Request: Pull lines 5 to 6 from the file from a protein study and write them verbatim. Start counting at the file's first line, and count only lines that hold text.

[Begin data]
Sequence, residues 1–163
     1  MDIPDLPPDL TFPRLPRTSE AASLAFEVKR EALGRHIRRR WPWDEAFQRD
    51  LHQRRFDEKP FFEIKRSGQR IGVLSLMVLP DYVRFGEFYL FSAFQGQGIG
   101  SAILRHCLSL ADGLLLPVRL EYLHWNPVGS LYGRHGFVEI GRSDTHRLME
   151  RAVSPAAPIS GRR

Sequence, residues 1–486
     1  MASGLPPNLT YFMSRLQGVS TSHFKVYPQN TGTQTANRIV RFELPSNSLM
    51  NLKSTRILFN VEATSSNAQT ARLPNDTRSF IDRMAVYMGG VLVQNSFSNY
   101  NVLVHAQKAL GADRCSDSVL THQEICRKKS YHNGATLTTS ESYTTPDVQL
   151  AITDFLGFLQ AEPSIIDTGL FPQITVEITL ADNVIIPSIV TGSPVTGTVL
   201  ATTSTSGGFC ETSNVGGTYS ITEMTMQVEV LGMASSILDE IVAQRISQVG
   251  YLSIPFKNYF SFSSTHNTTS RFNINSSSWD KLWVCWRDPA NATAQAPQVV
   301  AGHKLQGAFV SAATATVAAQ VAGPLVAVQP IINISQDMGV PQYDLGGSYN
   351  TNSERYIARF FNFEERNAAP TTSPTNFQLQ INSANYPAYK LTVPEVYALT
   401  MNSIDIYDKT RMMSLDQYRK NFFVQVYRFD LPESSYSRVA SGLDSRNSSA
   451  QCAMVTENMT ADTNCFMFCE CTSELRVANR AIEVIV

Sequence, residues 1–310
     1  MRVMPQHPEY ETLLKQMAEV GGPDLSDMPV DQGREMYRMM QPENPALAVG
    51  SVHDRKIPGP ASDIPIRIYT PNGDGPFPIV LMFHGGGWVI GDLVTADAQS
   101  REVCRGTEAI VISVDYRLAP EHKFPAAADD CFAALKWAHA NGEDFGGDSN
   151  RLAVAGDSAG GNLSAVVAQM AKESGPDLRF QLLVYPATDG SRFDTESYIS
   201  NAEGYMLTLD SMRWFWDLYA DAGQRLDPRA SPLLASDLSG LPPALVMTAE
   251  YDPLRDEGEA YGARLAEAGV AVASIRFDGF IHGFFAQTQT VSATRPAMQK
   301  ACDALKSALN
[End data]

   151  RAVSPAAPIS GRR

Sequence, residues 1–486